Japanese senbei (煎餅, often written sembei) are generally speaking floppy large and hard soy-flavoured rice crackers. They have their origins in China, although what is currently known as senbei has no resemblance to what was imported in Japan from the Tang Dynasty in the 8th century AD. No, what is now considered a senbei is a type of rice cracker that was introduced by a shop at Sōkajuku during the Edo period (1603-1868) in Saitama prefecture (neighbouring prefecture of Tokyo). Unfortunately, this shop is long gone, but you can taste senbei and see how they are made at several shops in shitamachi! Sōkajuku was a resting stop on the Nikkō Kaidō road (one of the 5 famous roads, called Gokaidō, connecting Tokyo with the provinces during the Edo period). The legend goes like this: a samurai asked at a dango shop to an old woman (called Osen) to bake a flattened dango (a dumpling made of rice flour). The rest is history.
A quick warning though, senbei are hard, very hard. I have times that I am worried that my teeth will crack by eating too many of these (mostly) salty delights, but I can’t help it, I keep going for more. Senbei are eaten as street food or as a quick snack. You will not find cafes where you can sit down and enjoy it in the same way as many other snacks such as waffles, pancakes and cake. It is rather something you might receive as a courtesy refreshment when visiting someone’s house.
While you have a number of classic senbei, these days they come in various shapes, sizes, and flavours. Oh, and they go very well together with green tea. Senbei are usually made by grilling rice-based flat rice-dough pieces. Historically, they were always grilled over charcoal.
Senbei are available all over Japan, but somehow they are also part of the shitamachi lifestyle. As a cheap street food they were/are a popular snack for the common man. All over Tokyo you will find senbei shops, but the area we see as shitamachi has the most and oldest shops in Tokyo. Let me introduce a couple of my favourite ones in Asakusa and Yanesen area.
Senbei are fried for your entertainment at Iriyama Senbei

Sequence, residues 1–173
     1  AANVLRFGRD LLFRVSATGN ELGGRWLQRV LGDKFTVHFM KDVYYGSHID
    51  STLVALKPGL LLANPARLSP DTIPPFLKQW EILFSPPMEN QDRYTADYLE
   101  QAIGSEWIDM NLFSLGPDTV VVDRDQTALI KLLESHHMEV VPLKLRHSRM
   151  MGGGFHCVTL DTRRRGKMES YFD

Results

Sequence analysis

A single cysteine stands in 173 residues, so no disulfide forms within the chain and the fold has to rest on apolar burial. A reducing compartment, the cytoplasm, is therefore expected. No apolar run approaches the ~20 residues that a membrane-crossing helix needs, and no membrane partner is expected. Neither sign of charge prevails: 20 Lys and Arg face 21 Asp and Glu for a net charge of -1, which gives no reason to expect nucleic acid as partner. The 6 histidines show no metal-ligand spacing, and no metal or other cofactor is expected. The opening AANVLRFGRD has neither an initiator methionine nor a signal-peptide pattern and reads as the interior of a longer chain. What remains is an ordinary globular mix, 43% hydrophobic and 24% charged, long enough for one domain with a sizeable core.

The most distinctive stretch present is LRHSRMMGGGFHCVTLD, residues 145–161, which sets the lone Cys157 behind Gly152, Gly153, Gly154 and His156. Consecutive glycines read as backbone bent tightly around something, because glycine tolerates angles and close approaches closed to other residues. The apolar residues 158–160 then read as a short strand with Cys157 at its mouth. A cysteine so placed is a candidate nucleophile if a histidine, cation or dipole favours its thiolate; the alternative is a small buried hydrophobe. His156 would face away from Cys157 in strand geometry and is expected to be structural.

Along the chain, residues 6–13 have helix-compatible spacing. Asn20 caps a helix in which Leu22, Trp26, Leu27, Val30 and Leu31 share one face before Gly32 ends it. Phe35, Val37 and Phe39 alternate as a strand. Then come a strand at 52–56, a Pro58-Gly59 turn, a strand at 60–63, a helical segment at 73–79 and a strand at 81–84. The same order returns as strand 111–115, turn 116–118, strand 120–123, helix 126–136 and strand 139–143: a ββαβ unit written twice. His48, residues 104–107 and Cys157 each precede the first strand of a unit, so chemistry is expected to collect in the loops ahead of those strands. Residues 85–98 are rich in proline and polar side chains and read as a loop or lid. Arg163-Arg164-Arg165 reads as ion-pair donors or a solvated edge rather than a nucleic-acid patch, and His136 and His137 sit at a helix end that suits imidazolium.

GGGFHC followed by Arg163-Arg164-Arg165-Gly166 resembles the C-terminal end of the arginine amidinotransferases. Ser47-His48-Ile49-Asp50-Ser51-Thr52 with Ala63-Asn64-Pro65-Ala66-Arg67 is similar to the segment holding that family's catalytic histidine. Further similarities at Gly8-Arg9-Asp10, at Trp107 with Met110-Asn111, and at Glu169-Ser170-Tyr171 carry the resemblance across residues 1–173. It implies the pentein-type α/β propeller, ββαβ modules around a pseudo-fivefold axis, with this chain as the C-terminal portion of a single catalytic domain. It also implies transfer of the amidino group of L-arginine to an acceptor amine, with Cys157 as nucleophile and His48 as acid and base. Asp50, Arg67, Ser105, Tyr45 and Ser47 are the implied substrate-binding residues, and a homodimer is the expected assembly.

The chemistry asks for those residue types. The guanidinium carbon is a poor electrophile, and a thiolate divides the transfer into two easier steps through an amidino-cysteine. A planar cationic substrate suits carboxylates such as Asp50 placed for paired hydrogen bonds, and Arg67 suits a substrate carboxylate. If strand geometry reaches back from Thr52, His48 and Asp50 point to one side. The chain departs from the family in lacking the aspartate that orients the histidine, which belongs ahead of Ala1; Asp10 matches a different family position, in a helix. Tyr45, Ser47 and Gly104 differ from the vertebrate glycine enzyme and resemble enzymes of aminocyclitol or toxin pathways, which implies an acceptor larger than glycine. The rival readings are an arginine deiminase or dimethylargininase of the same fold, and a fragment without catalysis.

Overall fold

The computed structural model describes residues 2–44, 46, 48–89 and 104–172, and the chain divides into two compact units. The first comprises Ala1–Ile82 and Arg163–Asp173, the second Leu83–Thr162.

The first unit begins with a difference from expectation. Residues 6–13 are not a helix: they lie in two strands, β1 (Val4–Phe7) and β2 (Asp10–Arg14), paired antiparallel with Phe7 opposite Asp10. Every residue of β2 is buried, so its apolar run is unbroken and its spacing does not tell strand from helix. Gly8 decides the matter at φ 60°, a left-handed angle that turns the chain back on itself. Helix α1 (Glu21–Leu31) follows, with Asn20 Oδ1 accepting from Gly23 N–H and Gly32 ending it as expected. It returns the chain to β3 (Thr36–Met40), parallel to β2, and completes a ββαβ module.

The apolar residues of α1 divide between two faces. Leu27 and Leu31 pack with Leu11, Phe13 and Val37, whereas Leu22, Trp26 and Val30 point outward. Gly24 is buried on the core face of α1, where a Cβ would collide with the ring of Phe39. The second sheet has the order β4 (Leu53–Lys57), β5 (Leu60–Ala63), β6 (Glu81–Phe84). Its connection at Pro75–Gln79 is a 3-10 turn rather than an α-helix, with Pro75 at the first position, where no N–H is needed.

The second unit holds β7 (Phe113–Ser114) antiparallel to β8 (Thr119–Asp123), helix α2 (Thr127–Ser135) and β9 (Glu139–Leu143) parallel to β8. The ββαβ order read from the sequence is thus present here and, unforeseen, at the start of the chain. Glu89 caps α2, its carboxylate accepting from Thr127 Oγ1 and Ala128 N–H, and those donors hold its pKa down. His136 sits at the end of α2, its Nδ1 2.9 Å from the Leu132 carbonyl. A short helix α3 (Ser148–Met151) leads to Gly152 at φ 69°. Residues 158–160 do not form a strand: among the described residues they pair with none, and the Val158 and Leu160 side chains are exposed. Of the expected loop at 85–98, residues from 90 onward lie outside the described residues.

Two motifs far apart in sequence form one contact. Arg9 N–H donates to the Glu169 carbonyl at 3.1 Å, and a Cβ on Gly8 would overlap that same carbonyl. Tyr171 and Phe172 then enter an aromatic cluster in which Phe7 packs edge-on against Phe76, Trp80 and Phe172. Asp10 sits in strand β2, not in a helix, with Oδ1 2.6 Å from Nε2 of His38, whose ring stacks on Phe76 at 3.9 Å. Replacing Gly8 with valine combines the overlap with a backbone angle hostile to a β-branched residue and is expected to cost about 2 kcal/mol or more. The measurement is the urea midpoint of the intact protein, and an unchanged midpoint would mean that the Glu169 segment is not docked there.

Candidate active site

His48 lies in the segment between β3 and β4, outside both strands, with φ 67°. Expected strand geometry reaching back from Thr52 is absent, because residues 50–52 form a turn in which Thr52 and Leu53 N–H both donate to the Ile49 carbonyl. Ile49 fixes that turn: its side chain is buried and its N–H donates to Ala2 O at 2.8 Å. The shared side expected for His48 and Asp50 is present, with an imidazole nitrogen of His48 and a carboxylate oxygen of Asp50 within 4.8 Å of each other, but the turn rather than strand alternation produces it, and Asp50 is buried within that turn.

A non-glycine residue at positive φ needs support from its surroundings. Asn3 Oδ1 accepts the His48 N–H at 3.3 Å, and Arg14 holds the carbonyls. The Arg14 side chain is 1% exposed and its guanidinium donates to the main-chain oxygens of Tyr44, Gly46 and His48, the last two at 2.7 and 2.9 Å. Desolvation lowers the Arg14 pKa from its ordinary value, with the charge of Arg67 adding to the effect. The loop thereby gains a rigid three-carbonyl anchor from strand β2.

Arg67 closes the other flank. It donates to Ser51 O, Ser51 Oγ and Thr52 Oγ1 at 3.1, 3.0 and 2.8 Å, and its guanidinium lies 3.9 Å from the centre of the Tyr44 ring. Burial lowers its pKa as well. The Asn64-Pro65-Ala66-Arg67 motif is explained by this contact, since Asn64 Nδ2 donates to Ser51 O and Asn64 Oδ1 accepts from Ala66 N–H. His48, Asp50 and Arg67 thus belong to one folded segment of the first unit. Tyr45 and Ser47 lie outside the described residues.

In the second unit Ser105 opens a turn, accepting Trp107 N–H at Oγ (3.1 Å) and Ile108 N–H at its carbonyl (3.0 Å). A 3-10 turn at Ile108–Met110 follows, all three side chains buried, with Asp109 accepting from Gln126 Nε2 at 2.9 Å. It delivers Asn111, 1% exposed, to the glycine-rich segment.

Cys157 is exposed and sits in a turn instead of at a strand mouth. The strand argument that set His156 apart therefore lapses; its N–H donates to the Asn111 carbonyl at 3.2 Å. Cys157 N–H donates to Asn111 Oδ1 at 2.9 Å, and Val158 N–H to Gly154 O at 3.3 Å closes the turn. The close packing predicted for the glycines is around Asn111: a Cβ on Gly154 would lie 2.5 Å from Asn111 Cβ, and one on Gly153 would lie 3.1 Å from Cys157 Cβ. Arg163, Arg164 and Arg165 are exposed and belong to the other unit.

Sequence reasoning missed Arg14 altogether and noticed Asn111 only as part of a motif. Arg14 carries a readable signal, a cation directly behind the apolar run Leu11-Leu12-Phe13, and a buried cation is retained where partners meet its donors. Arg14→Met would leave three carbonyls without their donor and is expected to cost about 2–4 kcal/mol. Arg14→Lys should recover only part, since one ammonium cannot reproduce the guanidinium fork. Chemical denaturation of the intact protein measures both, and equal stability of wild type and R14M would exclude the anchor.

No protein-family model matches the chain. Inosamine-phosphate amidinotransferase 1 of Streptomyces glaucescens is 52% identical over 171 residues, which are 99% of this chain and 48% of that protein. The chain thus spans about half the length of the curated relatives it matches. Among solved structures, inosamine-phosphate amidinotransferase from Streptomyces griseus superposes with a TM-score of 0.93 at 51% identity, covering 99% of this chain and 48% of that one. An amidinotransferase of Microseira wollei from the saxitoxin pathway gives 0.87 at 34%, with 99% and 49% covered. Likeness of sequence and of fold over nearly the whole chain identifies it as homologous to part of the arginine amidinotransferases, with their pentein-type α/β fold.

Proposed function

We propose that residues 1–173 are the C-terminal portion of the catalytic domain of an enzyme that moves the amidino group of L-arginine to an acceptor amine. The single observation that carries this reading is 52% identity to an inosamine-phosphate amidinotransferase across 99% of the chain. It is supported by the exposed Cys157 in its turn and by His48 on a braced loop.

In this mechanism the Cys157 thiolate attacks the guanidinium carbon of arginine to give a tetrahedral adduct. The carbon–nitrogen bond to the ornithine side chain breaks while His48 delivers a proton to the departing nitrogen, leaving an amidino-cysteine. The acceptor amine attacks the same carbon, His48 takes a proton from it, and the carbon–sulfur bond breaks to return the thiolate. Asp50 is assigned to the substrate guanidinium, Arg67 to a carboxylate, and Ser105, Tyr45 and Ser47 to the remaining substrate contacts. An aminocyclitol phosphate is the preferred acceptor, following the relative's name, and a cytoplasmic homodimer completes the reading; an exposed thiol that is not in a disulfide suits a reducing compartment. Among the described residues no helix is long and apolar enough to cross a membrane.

At Iriyama Senbei, you cannot get closer to the original and classic senbei. At this store in Asakusa, they have only one type of senbei, the traditional round-shaped soy-flavoured senbei. The store was set up in 1915 and has since remained unchanged, protecting the original taste. You can see the whole process of making the senbei (great photo opportunity) and you can buy a fresh hot senbei (one piece for JPY 130).
The store front of Kikumi Senbei Sohonten
A bit off the beaten track in Yanesen, you will find Kikumi Senbei Sohonten near Daienji. This store is here since 1875 and stands out with its square-shaped senbei and its beautiful store-front with large glass bowls. You can sample here more than one type of senbei. They are specialized in 4 types: soy (shouyu-senbei), chili pepper (tougarashi-senbei), green tea (cha-senbei) and sweet (ama-senbei).
The name of the store originates from the kiku ningyo displays that used to be there on nearby Dangozaka. Kiku ningyo are Japanese dolls from living chrysanthemums, a type of flower art in Japan. You can no longer see them over here, but thanks to those flowery dolls, this senbei store got started, trying to sell these visitors a snack and a souvenir to bring back home. From those days, they are offering the kiku arare, small bite-sized senbei in the shape of chrysanthemums.
The 4 main types of senbei at Kikumi Senbei Sohonten. Soy, chili pepper, sweet and green tea.
This store is also interesting for selling bread next to senbei. Apparently, right after the second World War, it was difficult to get enough rice to make the senbei and the store experimented with making bread as it was much easier and cheaper to get their hands on wheat flour. Their regular customers liked it and since then bread is part of their merchandise.
Over the years I have been in Japan, I came across a huge variety of senbei, prompting me to even consider starting a website about them as I came to love them. A visit to any supermarket in Japan will amaze you on the variety of senbei that Japanese eat on a regular basis at home. What they consider to be senbei is also much wider than the above described rice senbei. The classics are baked pure rice senbei with a flavour coating: soy (shoyu), salted (shio), chili pepper (tougarashi), seaweed-wrap (nori), sugar (sarame). Also very classic are the fried senbei through a combination of soy sauce and sugar (introduced in the 1960s): kabuki-age (named after the kabuki theater emblem, on which the design is based), bonchi-age (especially famous in the Osaka area). There are also many sweet variants that use other materials than rice flour such as kaware senbei (just as sweet cookies), or okoge senbei (made from slightly burned rice, gives an amazing flavour).
Iriyama Senbei: 1-13-4 Asakusa, Taito-ku, Tokyo. 03-3844-1376
Open 10 a.m. to 6 p.m. Closed Thursdays.
Kikumi Sembei Sohonten: 3-37-16 Sendagi, Bunkyo-ku, Tokyo. 03-3821-1215
Open 10 a.m. to 7 p.m. Closed Mondays.